First name
Debra
Last name
Lefkowitz

Title

Mental Health Disorders and Emergency Resource Use and Outcomes in Ventricular Assist Device Supported Patients.

Year of Publication

2021

Date Published

2021 Jun 02

ISSN Number

1097-6744

Abstract

<p>There are limited data describing the prevalence of mental health disorders (MHDOs) in patients with ventricular assist devices (VADs), or associations between MHDOs and resource use or outcomes. We used the Nationwide Emergency Department Sample administrative database to analyze 44,041 ED encounters for VAD-supported adults from 2010 to 2017, to assess the relationship between MHDOs and outcomes in this population. MHDO diagnoses were present for 23% of encounters, and were associated with higher charges and rates of admission, but lower mortality.</p>

DOI

10.1016/j.ahj.2021.05.018

Alternate Title

Am Heart J

PMID

34089695

Title

Pediatric Hand Transplantation: A Decision Analysis.

Year of Publication

2019

Number of Pages

1558944719890041

Date Published

2019 Dec 17

ISSN Number

1558-9455

Abstract

<p>The first successful bilateral pediatric hand transplant was performed in 2015. Previous hand transplant decision analysis models have focused on the adult population. This model principally aimed to determine whether adverse outcomes associated with immunosuppression outweigh the benefits of performing bilateral hand transplant surgery in a pediatric candidate. The model also conceptualized the valuation of losing years of life and sought to determine the impact of that valuation on the surgical decision. A decision model compared undergoing bilateral hand transplant surgery with using prosthetics for an 8-year-old patient. The outcome measure used was quality adjusted life years (QALYs), and sensitivity analysis was performed on the immunosuppressive risks associated with the surgical decision, as well as the perceived valuation of aversion to life years lost. The decision to perform surgery was marginally optimal compared to the prosthetic decision (50.11 QALY vs. 47.95 QALY). A Monte Carlo simulation revealed that this difference may be too marginal to detect an optimal decision (50.14 ± 8.28 QALY vs. 47.95 ± 2.12 QALY). Sensitivity analysis identified decision thresholds related to immunosuppression risks ( = 29% vs. = 33% modeled), and a trend of increasing risk as a patient is more averse to losing life years. The marginally optimal treatment strategy currently is bilateral hand transplant, compared to prosthetics for pediatric patients. Key determinants of the future optimal strategy will be whether immunosuppressive regimens become safer, with a reduced risk of losing life years due to immunosuppressive complications, and whether prosthetics become more acceptable and enable higher functioning.</p>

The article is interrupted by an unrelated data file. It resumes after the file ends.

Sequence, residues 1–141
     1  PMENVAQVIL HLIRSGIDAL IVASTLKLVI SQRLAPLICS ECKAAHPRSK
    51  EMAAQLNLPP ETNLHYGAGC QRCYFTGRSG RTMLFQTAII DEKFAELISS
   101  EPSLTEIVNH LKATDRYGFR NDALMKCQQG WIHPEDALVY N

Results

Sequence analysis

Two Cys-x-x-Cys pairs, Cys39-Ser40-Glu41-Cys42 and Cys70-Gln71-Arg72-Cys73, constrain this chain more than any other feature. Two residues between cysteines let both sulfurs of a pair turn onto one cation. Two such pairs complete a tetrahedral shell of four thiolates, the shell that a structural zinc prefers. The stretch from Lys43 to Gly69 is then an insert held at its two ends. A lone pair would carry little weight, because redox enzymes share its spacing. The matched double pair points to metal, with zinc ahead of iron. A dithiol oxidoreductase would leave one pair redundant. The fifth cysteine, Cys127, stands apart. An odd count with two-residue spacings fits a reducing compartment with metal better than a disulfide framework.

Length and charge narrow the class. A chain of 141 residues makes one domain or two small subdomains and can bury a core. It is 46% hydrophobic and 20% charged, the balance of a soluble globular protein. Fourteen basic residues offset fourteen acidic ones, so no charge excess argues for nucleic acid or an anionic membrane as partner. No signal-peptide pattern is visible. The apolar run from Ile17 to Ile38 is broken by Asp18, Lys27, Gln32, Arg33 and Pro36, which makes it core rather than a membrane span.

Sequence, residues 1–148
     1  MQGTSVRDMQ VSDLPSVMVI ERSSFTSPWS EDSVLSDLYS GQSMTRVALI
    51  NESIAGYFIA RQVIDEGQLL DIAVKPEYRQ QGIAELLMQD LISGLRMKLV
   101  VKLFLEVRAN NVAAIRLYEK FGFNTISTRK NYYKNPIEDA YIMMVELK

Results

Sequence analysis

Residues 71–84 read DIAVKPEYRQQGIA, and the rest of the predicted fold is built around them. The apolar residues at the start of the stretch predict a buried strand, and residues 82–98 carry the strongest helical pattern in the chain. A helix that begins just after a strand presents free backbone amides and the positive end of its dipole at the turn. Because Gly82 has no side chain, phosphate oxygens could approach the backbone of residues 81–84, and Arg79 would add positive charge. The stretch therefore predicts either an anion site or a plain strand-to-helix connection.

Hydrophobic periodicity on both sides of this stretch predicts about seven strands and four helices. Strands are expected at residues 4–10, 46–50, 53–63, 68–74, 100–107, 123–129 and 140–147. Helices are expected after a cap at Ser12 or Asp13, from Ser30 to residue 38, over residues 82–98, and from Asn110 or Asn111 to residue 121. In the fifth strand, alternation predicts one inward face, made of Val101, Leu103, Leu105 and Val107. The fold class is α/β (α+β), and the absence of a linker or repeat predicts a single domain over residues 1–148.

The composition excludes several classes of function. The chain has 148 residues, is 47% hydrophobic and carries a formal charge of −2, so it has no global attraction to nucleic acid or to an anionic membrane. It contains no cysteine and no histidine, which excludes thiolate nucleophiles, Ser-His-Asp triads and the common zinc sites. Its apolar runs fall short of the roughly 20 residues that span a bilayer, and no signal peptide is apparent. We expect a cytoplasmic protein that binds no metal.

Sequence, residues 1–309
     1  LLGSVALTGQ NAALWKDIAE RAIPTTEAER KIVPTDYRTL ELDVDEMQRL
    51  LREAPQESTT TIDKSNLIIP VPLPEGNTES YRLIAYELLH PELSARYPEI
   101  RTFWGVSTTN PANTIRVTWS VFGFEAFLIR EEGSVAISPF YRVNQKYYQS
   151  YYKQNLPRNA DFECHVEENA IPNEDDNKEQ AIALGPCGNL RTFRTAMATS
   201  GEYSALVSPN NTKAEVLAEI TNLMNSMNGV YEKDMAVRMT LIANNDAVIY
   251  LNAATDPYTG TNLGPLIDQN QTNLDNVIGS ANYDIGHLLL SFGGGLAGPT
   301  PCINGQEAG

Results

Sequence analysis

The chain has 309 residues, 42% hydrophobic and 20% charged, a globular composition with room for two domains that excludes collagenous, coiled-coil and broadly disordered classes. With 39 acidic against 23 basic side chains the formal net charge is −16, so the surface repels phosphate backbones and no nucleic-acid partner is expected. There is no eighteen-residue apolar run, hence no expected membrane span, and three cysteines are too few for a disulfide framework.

DOI

10.1177/1558944719890041

Alternate Title

Hand (N Y)

PMID

31847578

Title

18-month outcomes of heterologous bilateral hand transplantation in a child: a case report.

Year of Publication

2017

Number of Pages

35-44

Date Published

2017 Sep

ISSN Number

2352-4650

Abstract